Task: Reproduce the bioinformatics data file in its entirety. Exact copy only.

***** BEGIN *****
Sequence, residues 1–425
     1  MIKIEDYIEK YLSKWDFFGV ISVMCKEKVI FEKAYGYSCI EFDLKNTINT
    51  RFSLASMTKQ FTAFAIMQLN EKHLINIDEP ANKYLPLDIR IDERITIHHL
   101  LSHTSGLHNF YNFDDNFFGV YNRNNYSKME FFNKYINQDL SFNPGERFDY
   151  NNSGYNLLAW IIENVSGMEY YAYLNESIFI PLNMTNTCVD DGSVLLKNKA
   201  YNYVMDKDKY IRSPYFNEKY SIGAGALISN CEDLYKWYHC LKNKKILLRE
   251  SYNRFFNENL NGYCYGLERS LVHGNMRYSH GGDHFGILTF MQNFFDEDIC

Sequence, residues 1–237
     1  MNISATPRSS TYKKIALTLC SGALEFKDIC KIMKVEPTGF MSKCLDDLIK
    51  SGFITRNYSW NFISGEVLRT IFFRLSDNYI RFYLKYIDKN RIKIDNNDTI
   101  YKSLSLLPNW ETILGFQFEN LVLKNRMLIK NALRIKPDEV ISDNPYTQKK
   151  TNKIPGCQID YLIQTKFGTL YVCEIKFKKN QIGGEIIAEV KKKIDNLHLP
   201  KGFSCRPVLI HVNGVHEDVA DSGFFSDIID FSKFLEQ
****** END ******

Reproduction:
Sequence, residues 1–425
     1  MIKIEDYIEK YLSKWDFFGV ISVMCKEKVI FEKAYGYSCI EFDLKNTINT
    51  RFSLASMTKQ FTAFAIMQLN EKHLINIDEP ANKYLPLDIR IDERITIHHL
   101  LSHTSGLHNF YNFDDNFFGV YNRNNYSKME FFNKYINQDL SFNPGERFDY
   151  NNSGYNLLAW IIENVSGMEY YAYLNESIFI PLNMTNTCVD DGSVLLKNKA
   201  YNYVMDKDKY IRSPYFNEKY SIGAGALISN CEDLYKWYHC LKNKKILLRE
   251  SYNRFFNENL NGYCYGLERS LVHGNMRYSH GGDHFGILTF MQNFFDEDIC

Sequence, residues 1–237
     1  MNISATPRSS TYKKIALTLC SGALEFKDIC KIMKVEPTGF MSKCLDDLIK
    51  SGFITRNYSW NFISGEVLRT IFFRLSDNYI RFYLKYIDKN RIKIDNNDTI
   101  YKSLSLLPNW ETILGFQFEN LVLKNRMLIK NALRIKPDEV ISDNPYTQKK
   151  TNKIPGCQID YLIQTKFGTL YVCEIKFKKN QIGGEIIAEV KKKIDNLHLP
   201  KGFSCRPVLI HVNGVHEDVA DSGFFSDIID FSKFLEQ